Chadwick Boseman didn’t just make movies…he taught life lessons
Classrooms aren’t the only places we learn important lessons. That reality doesn’t, of course, minimize institutional education’s value. But, the fact that experience and observation can be good teachers remains. Experiencing and observing Chadwick Boseman was a masterclass in courage, determination, and heroism.
Embodying Black liberation
In death, Boseman has become iconic for playing icons and embodying pure Black liberation. This Black gay social justice warrior must confess publicly struggling with Black Panther. Seeing real-life Black liberators on screen is what I thought I needed — not fictional characters. Black siblings, rightfully, called me out for my pathetic and ill-informed critique.
I’ve seen and watched Black Panther multiple times now. Each separate cinematic experience reminds me what I missed the first time. Streaming the movie stripped me of the communal celebration of Blackness.
Looking every bit of an African queen in my living is acceptable. But, gathering with fellow royalty from the African diaspora would’ve been so fulfilling and affirming. Now, only living through others’ experience via Facebook photos must suffice. Unless, some siblings want to host a Black Panther ZOOM party. Now, I’m clear on its value in so many ways.
While the entire cast made the movie, how Boseman portrayed him made the experience so deep and rich. His depiction of King T’Challa of Wakanda revealed a leader who understood that it takes a village. Producers and directors didn’t solely influence the performance. Boseman’s experiences and insight informed his approach to the character.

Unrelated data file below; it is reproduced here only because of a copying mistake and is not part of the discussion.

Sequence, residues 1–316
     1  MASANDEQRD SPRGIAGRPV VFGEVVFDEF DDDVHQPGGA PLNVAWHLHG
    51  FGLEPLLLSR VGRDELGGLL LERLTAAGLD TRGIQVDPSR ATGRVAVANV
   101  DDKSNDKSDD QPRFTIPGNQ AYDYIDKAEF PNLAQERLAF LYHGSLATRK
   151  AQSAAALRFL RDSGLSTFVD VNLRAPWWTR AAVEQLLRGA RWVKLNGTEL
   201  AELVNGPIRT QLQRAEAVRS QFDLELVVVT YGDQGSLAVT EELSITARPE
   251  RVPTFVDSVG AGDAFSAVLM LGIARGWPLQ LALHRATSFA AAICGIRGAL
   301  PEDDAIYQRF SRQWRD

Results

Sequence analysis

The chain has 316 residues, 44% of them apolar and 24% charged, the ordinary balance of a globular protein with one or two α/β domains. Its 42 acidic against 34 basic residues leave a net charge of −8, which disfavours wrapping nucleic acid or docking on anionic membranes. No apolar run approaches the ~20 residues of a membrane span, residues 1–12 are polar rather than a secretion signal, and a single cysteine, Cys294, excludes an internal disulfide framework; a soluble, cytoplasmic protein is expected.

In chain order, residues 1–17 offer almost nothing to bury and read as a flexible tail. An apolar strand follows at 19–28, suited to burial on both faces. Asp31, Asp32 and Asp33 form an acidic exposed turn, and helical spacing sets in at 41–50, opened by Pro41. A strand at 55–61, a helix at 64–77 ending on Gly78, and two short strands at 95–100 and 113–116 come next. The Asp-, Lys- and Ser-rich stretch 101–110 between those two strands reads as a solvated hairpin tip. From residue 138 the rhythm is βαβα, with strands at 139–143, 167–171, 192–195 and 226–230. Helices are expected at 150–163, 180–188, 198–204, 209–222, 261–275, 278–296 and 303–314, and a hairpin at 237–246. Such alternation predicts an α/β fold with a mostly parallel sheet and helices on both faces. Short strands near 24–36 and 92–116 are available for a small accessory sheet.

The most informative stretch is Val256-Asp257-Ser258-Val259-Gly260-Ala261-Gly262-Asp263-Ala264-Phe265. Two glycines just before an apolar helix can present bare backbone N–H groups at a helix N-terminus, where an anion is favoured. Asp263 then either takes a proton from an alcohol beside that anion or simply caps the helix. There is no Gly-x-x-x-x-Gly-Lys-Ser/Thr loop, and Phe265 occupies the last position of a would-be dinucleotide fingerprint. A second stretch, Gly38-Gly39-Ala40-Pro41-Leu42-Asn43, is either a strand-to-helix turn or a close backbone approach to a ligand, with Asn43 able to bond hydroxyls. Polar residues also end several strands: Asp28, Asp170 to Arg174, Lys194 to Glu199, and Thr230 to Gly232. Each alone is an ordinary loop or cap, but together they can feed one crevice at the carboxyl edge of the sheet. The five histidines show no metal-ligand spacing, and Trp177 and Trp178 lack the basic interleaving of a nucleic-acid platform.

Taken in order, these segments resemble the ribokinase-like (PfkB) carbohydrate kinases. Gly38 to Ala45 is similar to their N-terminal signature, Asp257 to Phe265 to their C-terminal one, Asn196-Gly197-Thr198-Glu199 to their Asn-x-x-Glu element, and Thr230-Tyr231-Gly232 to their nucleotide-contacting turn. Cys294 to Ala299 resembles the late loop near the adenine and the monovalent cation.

More than a performance
Playing T’Challa wasn’t just a role and Black Panther was more than a movie for Boseman. And, he knew both the cast and audience that reality too.
“This experience is an opening for people’s consciousness. Their boundaries should be shaken and moved. There’s a hero here that I hope people grow to love.”
T’Challa was a character this writer grew to admire, love and respect. Wakanda’s king didn’t let his power corrupt. He didn’t get it twisted: Being king didn’t make him better than others. Watching every scene prompted me to concepts of leadership.
Real leaders need not dehumanize people to guide their followers. And, delegation isn’t tantamount to dereliction. Delegating and entrusting Wakanda’s future to women paid tribute to women from the African diaspora who are and were the backbone of a Black siblinghood.
Boseman’s acting wasn’t the only thing educating me. Seeing him on the interview and public speaking circuit provided a few teachable moments. Patiently waiting for opportunity’s knock can be excruciating. Boseman, a Howard University alum, offered a pearl of wisdom to graduating Bison at HU’s 150th Commencement Ceremony in 2018. It spoke volumes to me.
“When God has something for you, it doesn’t matter who stands against it. God will move someone that’s holding you back away from the door and put someone there who will open it for you if it’s meant for you,” Boseman said.
He reminded me to trust in a higher power, which you might not call God, and revel in my Blackness. Blackness is beautiful, despite what some people say. Wakanda forever!